Updating 10 5 6

…do you mean that the i Mac was bought brand new (i.e., the newest model available in stores in the 2009-2010 time frame), or did you potentially buy an older model (i.e., from 2007-2008) in the 2009-2010 time frame?

updating 10 5 6-38

If you are sure you bought it brand new in stores between 2009-2010, it was probably what Wikipedia calls the Early 2009 model.

Even if all of the previous deductions were incorrect, as long as you are 100% certain that the i Mac has an aluminum housing (i.e., the outside is gray, and not white), then even in the worst-case scenario in which your i Mac is from Mid 2007, you are guaranteed to be able to install OS X 9 (Mavericks).

So rest assured, you can upgrade all the way up to Mavericks if you so desire. You can up-grade from 10.5.8 to 10.6 by purchasing the installation DVD for .99 (w/ free shipping), then up-date 10.6 to 10.6.8, for free using the Apple Software Update application already installed on your i Mac.

A friend of mine has a desktop Apple computer (I googled Apple computer images and it looks like an i Mac). When we tried to upgrade it the OS reported that there are no updates available.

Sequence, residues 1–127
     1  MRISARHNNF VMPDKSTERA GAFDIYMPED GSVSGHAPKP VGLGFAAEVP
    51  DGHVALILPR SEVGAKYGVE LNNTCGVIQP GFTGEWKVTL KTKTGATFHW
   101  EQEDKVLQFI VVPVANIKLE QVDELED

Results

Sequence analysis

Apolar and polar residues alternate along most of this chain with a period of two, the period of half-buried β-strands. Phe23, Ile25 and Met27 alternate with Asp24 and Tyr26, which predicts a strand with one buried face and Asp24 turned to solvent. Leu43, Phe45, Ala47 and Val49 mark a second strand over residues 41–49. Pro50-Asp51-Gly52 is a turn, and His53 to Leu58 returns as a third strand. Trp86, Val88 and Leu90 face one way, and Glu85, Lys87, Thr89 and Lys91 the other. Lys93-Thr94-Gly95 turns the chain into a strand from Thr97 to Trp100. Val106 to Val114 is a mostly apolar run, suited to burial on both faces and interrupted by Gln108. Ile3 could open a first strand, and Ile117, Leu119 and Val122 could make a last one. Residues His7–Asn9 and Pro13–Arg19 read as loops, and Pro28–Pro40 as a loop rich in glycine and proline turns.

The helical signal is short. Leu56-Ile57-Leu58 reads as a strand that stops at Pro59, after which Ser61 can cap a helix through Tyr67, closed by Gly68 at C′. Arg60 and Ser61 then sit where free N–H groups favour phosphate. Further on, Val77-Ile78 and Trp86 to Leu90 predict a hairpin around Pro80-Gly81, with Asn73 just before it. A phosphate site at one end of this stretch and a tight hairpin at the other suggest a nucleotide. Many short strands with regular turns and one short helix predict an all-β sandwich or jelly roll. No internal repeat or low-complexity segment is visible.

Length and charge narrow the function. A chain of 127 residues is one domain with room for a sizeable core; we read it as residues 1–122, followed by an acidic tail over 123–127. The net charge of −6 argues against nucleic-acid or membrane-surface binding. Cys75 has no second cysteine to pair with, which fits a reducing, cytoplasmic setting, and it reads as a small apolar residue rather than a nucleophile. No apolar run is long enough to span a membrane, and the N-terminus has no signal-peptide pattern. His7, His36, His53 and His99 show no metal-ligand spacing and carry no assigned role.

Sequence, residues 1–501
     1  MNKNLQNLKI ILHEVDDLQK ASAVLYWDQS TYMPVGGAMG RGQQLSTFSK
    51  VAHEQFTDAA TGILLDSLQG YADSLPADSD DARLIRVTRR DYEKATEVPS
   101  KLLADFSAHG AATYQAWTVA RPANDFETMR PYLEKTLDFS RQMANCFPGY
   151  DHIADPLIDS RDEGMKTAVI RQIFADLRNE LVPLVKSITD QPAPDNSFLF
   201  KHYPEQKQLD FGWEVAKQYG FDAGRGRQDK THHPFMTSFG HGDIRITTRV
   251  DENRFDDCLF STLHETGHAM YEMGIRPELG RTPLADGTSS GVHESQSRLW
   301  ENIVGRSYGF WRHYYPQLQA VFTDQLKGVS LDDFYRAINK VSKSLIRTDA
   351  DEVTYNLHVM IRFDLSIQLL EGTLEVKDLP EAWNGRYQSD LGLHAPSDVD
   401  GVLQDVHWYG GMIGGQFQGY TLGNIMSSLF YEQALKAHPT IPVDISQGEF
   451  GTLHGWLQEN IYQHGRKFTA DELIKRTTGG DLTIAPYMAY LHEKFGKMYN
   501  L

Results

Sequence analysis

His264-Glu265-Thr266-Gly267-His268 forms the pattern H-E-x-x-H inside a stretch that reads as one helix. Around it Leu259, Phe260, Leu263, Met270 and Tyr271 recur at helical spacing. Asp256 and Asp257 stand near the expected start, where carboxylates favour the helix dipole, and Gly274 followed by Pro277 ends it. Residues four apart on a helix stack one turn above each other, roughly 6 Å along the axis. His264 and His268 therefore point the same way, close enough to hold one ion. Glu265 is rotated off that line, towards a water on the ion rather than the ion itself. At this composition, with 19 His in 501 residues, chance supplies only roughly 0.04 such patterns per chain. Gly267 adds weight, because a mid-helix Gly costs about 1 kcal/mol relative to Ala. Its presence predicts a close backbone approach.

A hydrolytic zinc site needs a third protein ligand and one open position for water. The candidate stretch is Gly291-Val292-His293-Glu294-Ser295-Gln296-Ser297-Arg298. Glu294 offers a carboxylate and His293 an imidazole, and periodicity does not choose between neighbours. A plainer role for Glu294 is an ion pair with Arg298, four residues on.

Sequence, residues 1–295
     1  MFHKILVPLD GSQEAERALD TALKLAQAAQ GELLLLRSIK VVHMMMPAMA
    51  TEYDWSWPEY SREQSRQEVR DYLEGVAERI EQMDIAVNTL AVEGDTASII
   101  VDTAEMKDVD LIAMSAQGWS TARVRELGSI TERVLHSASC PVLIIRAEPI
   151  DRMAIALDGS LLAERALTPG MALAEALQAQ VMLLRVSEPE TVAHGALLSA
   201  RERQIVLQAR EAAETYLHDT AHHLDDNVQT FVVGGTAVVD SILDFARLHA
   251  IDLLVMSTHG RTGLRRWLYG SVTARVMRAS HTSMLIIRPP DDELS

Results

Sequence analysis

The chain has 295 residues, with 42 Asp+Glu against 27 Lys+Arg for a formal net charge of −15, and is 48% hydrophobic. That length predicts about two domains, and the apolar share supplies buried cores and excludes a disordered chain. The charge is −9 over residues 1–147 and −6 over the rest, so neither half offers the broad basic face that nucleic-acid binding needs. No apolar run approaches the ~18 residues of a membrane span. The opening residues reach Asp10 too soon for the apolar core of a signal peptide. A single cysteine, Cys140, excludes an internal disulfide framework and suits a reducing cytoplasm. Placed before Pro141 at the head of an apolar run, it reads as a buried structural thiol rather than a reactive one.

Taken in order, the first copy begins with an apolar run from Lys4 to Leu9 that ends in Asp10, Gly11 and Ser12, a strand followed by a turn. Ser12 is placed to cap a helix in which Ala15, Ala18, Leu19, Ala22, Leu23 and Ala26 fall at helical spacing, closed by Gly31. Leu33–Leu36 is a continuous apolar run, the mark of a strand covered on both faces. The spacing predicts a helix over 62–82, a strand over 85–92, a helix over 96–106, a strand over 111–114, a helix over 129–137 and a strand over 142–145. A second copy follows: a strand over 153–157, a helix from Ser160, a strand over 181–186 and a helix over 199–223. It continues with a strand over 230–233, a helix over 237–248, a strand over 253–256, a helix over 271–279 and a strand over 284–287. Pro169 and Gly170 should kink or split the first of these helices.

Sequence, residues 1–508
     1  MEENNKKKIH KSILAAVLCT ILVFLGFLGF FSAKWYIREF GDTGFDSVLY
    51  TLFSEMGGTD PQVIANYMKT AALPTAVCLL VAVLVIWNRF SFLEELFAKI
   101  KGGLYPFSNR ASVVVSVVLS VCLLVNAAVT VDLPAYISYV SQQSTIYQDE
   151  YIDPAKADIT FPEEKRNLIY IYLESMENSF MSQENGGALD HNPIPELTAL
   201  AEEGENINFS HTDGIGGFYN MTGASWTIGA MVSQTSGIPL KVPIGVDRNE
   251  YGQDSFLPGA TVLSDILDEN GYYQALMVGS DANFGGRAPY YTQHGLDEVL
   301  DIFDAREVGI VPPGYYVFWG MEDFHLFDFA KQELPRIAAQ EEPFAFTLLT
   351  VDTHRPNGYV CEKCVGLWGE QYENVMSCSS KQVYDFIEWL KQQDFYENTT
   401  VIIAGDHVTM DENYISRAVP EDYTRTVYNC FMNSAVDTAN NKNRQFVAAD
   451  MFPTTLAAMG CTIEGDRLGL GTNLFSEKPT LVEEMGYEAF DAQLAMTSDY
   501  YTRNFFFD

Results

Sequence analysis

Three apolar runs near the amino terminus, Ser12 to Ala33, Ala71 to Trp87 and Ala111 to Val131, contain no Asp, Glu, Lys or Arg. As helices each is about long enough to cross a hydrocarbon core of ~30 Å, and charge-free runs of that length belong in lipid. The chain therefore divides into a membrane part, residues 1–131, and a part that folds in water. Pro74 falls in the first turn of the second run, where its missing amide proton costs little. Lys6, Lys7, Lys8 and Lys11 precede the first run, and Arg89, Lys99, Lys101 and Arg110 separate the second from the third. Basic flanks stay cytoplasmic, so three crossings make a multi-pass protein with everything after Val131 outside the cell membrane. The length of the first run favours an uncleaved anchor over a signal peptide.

We googled around to find alternative ways of upgrading the system - 3-4 different clicking paths all leading to the same system update program - but with same outcome.

Finally we tried to download it but we could not find the 10.6 upgrade anywhere.

The system does not allow to upgrade to any version higher than 10.6. From there, if the machine meets the requirements for 10.6 the process is to run the installer and replace / upgrade any peripherals and software that no longer work.

I'm not able to check it now, but I remember for sure that the computer was bought around 2009-2010, and it is one of these two (1, 2), which should mean that it can be upgraded even up to Maverick. You can use System Profiler to find to Model ID of your friend's i Mac (see this KB article) -- that'll tell you for sure which generation of i Mac you have, and whether it can run Mavericks (i Mac7,1 and later). From there, all upgrades come electronically from Apple.

Again, if the hardware is compatible, you can jump to Mavericks to free (though unlikely for most 10.5 era hardware).

Apple also sells Lion and Mountain Lion from the web store if you need an upgrade that isn't the latest and greatest.

Your first practical step is to go to and find in support the article on indentifying your Mac to determine the hardware capabilities before spending any time or money on incompatible upgrades.